I'm just going to admit up front that I think hot camp food is overrated. It’s messy, time-intensive, and often less appetizing than most people are willing to admit. (Freeze-dried entrees are not tasty. They’re just not.)
Yes, if you have the time, it can be fun to cook up a big elaborate meal on the trail. And yes, hot food does warm the soul after a long day in the saddle (until it’s time to do the dishes.) But sometimes it’s also nice to leave the stove, fuel, and mess kit at home and save time, space and arguably weight by packing cold meals. Here are a few staples that can get you a long way.
They stay fresh longer than bread, hold up better than bread, and are just as wholesome and delicious whether whole or condensed (that is, smashed into a space-saving pancake.)
It’s like oatmeal, only less gooey and much easier to prepare. It also comes with tasty add-ins such as raisins and almonds, and can double as an on-the-go snack.
Mix with water and add to the granola for a more “complete” breakfast. This requires a bowl and spoon so in my book straddles the line between quick food and cooking.
A quick and tasty form of condensed carbohydrates that can be turned into delicious wraps with the simple addition of a protein source such as tuna, some snack tidbits such as dried cranberries and almonds, and of course cheese.
Everything tastes better with cheese. Everything.
So delicious that they work any time of the day.
One of the most energy-efficient forms of quick food available. A jar of peanut butter contains more than 2,000 calories and can double as an emergency food source. Also, it's delicious on tortillas.
Purchase packets of tuna, not cans. Packets can be opened without a can opener and eaten right out of the bag, or spread on bagels or tortillas. For a more gourmet experience, sample flavorful varieties such as Starkist Yellowfin Tuna in Extra Virgin Olive Oil.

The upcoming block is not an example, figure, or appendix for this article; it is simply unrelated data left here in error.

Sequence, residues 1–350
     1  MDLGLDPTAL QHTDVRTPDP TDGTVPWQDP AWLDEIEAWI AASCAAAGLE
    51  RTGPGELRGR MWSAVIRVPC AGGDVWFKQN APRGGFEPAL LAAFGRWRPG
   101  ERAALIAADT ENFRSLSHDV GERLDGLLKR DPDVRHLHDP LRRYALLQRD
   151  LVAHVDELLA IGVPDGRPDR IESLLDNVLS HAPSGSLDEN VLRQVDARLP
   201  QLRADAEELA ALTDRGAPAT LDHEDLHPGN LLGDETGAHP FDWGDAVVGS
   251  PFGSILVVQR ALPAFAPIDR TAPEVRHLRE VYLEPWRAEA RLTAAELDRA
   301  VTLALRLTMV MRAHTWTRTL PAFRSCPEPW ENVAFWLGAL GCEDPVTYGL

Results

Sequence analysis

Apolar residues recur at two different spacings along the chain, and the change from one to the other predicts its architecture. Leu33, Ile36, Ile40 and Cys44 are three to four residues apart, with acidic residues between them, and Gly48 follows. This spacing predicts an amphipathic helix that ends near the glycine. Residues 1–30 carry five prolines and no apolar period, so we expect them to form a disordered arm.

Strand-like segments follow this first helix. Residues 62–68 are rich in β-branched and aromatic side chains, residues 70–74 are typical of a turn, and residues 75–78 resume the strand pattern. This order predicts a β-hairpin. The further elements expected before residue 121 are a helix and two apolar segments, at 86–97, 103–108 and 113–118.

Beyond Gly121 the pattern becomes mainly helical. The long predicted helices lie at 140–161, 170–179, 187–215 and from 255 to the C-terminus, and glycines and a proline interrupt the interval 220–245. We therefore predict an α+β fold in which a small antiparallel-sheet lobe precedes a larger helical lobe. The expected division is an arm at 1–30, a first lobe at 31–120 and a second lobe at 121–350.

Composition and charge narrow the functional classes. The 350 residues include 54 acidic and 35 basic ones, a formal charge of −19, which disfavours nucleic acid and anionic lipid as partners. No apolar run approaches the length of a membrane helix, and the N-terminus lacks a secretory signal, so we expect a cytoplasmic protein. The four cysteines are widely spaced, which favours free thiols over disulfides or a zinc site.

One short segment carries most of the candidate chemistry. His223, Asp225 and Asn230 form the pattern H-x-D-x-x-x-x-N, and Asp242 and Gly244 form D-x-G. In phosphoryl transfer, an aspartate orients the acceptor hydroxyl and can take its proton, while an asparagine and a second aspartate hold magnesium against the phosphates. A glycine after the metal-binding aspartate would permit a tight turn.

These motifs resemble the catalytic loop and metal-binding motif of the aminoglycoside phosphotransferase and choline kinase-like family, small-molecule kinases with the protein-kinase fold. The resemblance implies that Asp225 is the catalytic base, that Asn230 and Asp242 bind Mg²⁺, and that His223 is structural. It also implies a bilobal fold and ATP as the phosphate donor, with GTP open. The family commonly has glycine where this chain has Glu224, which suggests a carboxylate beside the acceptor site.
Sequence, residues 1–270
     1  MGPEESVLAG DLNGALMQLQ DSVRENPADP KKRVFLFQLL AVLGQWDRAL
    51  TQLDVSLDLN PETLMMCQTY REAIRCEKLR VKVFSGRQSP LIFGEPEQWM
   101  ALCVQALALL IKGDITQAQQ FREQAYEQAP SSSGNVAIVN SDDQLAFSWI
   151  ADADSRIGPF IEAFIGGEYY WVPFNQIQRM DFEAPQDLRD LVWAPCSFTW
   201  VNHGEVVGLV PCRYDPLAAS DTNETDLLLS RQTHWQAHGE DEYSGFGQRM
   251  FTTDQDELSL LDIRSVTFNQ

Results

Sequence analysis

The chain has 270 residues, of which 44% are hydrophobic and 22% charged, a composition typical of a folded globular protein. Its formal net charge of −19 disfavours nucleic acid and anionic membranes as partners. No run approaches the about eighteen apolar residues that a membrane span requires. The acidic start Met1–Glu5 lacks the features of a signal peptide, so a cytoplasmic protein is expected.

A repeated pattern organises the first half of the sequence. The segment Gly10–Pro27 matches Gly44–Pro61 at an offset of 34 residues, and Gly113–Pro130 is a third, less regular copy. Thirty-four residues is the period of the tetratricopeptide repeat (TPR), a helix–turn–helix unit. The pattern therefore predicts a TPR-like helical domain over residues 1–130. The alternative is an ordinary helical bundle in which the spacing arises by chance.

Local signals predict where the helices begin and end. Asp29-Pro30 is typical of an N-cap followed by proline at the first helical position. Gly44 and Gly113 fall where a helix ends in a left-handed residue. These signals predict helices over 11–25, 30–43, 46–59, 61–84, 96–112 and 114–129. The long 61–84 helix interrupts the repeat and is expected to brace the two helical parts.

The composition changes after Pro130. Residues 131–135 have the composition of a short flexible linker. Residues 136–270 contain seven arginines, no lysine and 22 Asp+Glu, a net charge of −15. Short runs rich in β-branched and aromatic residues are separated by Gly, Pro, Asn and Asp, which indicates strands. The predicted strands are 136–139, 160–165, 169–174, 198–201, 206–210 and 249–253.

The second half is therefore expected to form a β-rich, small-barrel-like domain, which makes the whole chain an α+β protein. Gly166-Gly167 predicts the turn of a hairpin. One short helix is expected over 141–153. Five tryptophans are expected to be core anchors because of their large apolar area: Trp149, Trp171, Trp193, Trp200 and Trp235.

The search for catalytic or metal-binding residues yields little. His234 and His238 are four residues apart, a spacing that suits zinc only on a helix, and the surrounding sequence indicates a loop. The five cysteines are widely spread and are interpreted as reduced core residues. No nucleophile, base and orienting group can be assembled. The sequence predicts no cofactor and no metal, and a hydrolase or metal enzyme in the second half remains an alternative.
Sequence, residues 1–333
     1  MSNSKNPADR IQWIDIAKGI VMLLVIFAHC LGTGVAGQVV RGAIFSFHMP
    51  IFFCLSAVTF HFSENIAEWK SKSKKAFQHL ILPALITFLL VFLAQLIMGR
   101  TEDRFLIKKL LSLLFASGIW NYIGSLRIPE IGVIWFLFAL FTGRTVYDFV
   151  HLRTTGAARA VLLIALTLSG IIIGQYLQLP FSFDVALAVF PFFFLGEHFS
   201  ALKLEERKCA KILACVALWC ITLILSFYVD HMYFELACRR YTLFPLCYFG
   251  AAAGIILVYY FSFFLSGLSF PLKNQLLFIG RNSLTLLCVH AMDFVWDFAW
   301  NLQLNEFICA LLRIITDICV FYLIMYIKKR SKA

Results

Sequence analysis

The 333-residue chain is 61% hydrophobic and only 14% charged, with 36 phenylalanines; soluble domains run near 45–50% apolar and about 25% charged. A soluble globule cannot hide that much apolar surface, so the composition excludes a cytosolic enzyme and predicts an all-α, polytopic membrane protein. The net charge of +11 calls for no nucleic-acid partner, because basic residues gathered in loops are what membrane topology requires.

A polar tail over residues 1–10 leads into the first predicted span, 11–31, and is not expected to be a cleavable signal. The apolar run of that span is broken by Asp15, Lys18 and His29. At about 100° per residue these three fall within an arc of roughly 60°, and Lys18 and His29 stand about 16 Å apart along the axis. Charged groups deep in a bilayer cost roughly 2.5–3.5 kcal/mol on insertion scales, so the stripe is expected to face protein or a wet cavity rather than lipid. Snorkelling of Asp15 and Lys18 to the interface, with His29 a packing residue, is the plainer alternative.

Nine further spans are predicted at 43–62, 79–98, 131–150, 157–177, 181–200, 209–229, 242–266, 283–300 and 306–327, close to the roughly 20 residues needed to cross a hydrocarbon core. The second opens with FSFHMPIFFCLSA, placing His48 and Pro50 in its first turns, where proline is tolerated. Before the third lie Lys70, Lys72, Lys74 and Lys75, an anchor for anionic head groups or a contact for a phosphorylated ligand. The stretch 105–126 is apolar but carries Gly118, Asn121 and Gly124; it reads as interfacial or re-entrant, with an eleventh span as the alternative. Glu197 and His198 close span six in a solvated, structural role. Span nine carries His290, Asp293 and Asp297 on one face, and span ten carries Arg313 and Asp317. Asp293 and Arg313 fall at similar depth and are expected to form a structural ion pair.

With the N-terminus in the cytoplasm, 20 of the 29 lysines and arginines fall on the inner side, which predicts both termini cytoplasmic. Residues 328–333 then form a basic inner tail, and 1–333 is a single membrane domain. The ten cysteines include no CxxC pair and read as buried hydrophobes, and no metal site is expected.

A rich alternative for the discerning bikepacker, or at least one who is tired of tuna.
This is probably the lightest form of quick protein, but also requires bowls and a spoon to mix in water.
Leave out the eggs, add a few more cups of oats and chocolate chips, and you have an amazingly efficient energy source that doesn’t require refrigeration. Forty pounds of cookie dough sustained Eric Parsons and Dylan Kentch for much of their 19-day, 300-mile off-trail mountain bike adventure along Alaska’s Lost Coast.
Long bikepacking trips are one of the few times you can get away with eating cookie dough for dinner. You might as well put the stove away and enjoy.
This story has been updated and was originally published on November 24, 2010.
that sound excellent specially when u stealth camp don't wanna cook dinner and give away your postion or start a forest fire I found dry cereal is also excellent buy the one in little boxes and take them and mix all together in a gallon Ziploc bag and eat up in morning think that is all good ideas but once in a while. I would like maybe a hot glass of tea or maybe a bowel of soup on cool nites to ....
If you don't like doing dishes(who does?), mix that granola and dry milk(Nido is best) in a zip lock bag. No clean-up to do and packs small and light.
How about cured meats such as salami, pepperoni, summer sausage (random meat)? Nuts like Cashews, peanuts, shelled sunflower seeds, etc...? Then there is all the gas station goodies...Nature Valley bars, Reese's (delicious Reese's!), 2/1.00 goodies like gummi bears and worms and finally potato chips and crushed fritos. Calorie dense, dry, and oh so delicious!
For recovery nothing beats chocolate milk and a fruit smoothie (naked juice or Odwalla). I've been tempted to try Whipping Cream (3000 Calories a pint) for recovery, but I'm scared of what that might do to the body...
Great advice! I am always looking for ways to not only save weight but also be efficient.
Anon — It's a bag of Goldfish crackers perched in a top tube bag on a mountain bike, for easy snacking access.
The credit says "Photo by Jill Homer," but what is it a photo of? I can't make it out.
Oops, that last post was supposed to say, "...trail food tips..."
Thanks for the trail food trips and congratulations on the new Route 66 Adventure Cycling announcement. It sounds like it will be a blast.
Now bicyclists can also get our kicks on Route 66.
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Well I have watched a lot of you tube videos and found that hiking and bicycle travel go hand in hand together you can just watch a few vids from hikers and use the same stuff as they do like ramen noodles tuna in the plastic bags stove stop stuffing even canned chili that is easier for cyclist to carry cause it will be in our bags hooked on our bike not on our backs and we come upon trash cans more often to throw away trash than hikers do I like the instant mashed potato's and stove top .I can not see my self paying 6 to 8 dollars for one mtn house bag 8 dollars is 2 meals or one days worth of food for me . I don't eat a lot and don't spend a lot on food when I do go on trips .